BAY AREA MUSEUM
5000 NASA Road 1
An annex completed in 1940 now serves as it did then as a stage, meeting hall and kitchen. Sunday School classes were also taught in this space. This area displays changing exhibits that reflect the history of the Bay Area and houses Lunar Rendezvous memorabilia.
It was the Lunar Rendezvous Festival that made the museum dream become a reality for the Bay Area. In 1979 Maggie Plumb DeNike, founder of the Lunar Rendezvous Festival and Chairman of the Board, appeared with Chamber of Commerce representatives and local attorneys before the Harris County Commission to request approval to move the historic church building to the park grounds.
Under the protective shelter of the Lunar Rendezvous Festival, the church building was purchased from the Webster Presbyterian Church and moved six and one-half miles down the road on February 22, 1981.
Restoration was completed July 17, 1984, and the museum was formally dedicated at the time. Although the museum continues to be financed through the festival profits, the organization of its government has changed. Initially, the museum was governed by a Board of Trustees and a director.
The Bay Area Museum Guild, an organization with near 200 members, maintains the museum. The Guild is dedicated to promoting an awareness of the museum, its facilities, functions and needs throughout the community.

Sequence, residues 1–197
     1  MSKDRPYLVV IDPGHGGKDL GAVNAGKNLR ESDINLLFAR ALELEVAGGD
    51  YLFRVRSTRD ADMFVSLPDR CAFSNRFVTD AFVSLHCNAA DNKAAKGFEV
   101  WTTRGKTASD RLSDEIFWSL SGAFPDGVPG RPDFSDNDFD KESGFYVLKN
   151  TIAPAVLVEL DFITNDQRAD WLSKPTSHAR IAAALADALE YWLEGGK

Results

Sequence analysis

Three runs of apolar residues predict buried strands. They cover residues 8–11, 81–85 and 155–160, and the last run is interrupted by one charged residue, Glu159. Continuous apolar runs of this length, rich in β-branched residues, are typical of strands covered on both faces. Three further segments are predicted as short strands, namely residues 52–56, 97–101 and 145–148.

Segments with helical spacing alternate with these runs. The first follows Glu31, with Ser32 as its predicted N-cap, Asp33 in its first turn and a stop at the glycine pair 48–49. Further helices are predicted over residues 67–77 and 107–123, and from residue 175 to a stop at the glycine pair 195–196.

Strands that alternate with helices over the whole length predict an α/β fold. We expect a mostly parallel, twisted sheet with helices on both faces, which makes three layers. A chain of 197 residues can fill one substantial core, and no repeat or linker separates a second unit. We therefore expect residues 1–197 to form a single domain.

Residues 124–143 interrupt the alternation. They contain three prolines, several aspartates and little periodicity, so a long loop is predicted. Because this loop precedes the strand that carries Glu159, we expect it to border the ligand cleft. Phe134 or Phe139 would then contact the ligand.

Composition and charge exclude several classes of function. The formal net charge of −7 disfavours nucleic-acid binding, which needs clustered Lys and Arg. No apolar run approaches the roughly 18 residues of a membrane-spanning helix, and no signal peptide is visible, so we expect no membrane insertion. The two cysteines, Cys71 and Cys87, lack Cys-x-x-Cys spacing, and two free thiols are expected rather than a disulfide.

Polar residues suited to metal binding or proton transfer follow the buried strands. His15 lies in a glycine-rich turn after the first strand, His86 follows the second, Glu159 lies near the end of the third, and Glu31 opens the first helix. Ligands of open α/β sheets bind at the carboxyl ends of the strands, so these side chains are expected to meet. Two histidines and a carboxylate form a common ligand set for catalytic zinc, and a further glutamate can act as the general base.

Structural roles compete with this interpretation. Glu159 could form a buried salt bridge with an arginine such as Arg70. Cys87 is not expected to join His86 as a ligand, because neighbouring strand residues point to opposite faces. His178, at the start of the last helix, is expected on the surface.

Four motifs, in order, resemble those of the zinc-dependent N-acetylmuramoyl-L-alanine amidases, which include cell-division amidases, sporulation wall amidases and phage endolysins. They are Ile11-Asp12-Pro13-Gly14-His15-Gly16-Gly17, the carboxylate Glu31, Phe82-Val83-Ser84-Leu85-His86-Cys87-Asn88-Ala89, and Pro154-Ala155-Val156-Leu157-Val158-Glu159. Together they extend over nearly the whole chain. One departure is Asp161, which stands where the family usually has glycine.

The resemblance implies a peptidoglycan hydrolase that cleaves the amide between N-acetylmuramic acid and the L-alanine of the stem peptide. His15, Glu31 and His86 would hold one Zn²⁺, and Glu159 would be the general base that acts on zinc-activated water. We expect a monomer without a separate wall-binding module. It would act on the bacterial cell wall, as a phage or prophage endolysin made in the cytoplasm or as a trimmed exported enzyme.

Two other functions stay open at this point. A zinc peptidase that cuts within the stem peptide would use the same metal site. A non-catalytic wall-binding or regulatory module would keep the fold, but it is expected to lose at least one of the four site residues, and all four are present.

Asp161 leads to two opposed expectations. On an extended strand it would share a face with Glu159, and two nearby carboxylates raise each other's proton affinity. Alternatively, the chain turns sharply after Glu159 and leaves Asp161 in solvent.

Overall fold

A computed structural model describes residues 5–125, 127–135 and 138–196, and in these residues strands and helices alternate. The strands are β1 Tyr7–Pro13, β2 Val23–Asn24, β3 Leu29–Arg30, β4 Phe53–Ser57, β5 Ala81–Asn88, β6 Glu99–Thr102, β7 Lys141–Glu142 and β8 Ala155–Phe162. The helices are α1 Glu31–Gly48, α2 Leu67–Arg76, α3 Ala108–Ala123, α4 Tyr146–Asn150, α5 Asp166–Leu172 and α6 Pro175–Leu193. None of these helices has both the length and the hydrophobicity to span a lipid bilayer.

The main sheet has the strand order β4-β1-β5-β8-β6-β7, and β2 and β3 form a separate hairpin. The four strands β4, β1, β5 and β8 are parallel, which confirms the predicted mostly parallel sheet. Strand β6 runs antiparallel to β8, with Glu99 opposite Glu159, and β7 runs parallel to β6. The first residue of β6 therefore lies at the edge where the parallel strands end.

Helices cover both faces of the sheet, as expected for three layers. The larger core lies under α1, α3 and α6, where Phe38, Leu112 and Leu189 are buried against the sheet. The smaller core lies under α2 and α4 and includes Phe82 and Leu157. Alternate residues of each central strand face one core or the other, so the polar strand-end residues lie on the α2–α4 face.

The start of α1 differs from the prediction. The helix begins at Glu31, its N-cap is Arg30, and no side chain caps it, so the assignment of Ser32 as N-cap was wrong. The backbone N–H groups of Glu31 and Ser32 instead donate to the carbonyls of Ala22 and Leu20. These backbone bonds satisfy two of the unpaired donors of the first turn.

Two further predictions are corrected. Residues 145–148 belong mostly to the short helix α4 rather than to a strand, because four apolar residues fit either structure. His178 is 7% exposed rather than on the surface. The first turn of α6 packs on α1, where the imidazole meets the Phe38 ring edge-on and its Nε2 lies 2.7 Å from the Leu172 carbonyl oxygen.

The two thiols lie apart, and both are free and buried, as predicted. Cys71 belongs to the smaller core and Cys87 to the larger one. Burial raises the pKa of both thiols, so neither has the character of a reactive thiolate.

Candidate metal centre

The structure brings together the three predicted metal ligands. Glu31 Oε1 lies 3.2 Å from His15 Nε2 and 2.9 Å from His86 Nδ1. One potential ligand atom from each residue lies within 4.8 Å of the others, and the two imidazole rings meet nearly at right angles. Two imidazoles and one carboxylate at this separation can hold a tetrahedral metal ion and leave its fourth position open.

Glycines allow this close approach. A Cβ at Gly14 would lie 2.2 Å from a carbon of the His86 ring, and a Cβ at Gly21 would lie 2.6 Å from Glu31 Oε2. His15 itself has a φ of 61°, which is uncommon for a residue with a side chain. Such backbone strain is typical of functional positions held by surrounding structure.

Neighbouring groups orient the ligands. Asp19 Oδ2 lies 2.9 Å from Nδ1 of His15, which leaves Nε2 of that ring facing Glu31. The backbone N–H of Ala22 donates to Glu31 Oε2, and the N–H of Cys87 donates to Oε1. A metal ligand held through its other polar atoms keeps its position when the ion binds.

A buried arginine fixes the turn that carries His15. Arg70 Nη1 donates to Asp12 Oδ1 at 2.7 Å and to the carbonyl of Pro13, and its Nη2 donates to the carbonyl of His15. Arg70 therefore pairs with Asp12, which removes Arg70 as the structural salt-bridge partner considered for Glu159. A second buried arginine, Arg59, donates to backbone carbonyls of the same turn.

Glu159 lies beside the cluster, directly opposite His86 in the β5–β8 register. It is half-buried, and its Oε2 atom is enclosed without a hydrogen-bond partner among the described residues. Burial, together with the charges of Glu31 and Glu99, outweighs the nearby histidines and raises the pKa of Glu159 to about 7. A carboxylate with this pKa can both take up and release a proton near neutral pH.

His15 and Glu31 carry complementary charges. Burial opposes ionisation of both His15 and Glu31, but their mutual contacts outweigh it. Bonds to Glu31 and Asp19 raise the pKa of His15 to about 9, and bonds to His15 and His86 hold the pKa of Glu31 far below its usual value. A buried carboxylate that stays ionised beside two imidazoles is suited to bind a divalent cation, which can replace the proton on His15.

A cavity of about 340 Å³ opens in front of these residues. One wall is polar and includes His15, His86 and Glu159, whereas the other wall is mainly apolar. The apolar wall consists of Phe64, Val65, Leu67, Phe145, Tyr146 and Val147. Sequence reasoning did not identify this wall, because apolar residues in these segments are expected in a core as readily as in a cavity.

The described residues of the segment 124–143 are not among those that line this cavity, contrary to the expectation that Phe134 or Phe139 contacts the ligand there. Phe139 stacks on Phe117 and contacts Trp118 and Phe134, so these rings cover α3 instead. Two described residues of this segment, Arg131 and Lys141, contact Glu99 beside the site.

Many weddings and special events are held each year in the sanctuary and Fletcher Hall at the museum.
In 1893 Webster Presbytarian Church was the only church in the area and provided a church home for everyone in the community. The church still functions as an important part of the Bay Area. Serving the entire Bay Community, the little church is now the Bay Area Museum.
With Johnson Space Center in the distance, the noise of jet skis and buzzing of motorboats close by, the children actively participating in nearby sports activities, visitors to the Bay Area can step back in time to the late 1800s by visiting the living museum at Clear Lake Park on NASA Road 1.
Its location in Clear Lake Park is a relocation for the church since it first was built on the corner of Houston and Moody Streets. A sanctuary was destroyed during the 1900 hurricane and a second church was completed in 1901 which is the current sanctuary side of the museum.